Incorporating IVUS can reduce the amount of contrast required during EVAR or TEVAR procedures, in that the patient's anatomy may be mapped using IVUS instead of a bolus angiogram. In order to do so, the .035-inch IVUS catheter is advanced over the starter guidewire, and the transducer is positioned above the proximal landing zone. The IVUS catheter is slowly retracted, and the side branches are identified. Some physicians place a radiopaque ruler under the patient to assist with side branch location. The side branch is centered on the fluoroscopic image to reduce parallax, and a technician can record the locations and measurements. When the stent graft is being deployed at the proximal landing zone, a small amount of contrast is injected to confirm placement. The bolus angiogram can be saved until the end of the procedure to assess endoleak status.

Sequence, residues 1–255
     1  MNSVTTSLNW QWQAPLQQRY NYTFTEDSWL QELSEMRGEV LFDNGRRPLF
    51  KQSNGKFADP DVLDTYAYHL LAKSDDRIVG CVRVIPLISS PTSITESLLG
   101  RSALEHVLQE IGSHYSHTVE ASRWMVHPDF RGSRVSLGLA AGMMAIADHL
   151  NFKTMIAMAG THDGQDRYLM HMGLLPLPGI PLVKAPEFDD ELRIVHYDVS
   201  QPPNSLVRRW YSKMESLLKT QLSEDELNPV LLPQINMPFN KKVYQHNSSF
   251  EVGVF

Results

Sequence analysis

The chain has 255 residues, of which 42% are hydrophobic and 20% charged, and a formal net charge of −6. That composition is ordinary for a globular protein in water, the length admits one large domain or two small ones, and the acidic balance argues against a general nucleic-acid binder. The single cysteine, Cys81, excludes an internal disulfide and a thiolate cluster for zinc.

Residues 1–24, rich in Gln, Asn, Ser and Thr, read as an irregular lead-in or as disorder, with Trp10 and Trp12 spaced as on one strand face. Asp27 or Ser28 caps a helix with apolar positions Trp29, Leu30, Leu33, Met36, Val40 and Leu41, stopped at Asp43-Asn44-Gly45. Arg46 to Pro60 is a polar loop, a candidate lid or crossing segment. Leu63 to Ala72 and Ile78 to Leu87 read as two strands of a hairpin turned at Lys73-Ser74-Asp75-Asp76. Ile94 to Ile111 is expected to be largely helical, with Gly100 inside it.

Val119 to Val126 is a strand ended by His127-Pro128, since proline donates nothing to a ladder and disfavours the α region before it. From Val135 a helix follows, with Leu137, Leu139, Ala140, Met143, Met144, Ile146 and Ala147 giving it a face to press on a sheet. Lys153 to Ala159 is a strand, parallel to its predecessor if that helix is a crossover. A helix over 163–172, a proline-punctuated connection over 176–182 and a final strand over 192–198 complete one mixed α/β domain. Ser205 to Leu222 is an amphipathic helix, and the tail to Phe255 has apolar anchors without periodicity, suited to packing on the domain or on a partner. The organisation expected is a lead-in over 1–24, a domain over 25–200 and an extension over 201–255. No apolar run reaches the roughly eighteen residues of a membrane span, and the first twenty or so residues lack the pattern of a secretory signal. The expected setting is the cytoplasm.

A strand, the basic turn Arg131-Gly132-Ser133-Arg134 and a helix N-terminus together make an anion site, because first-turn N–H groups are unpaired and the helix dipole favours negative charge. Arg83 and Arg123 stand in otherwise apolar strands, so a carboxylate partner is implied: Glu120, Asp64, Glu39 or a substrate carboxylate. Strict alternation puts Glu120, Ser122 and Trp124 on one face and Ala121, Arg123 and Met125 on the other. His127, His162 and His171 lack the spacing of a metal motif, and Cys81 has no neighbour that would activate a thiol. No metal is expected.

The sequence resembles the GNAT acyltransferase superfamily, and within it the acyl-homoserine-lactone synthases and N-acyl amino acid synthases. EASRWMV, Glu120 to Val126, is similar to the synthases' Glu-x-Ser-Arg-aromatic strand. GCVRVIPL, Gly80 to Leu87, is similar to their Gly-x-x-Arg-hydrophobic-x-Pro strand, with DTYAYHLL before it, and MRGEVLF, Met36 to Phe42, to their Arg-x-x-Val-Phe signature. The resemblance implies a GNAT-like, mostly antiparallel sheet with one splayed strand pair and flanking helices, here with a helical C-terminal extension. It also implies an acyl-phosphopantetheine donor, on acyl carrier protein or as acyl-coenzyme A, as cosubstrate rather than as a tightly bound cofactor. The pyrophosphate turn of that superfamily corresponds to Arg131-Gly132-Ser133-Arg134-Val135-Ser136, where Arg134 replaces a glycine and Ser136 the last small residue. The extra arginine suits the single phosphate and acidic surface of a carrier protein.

In the Absence of CT or MR
If no CT or MR imaging is available before the procedure, which can occur if a patient arrives as an outside referral or in acute cases, IVUS can allow the interventionist to obtain real-time diameter and length measurements to assist in selecting properly sized endograft devices during the endovascular procedure.
Another application of IVUS is to identify the true lumen versus the false lumen in dissection cases (Figure 2).1,2 An over-the-wire IVUS catheter allows the interventionist to advance the guidewire, then the IVUS catheter, then guidewire, then IVUS catheter to ensure that the interventional equipment stays in the true lumen while being advanced.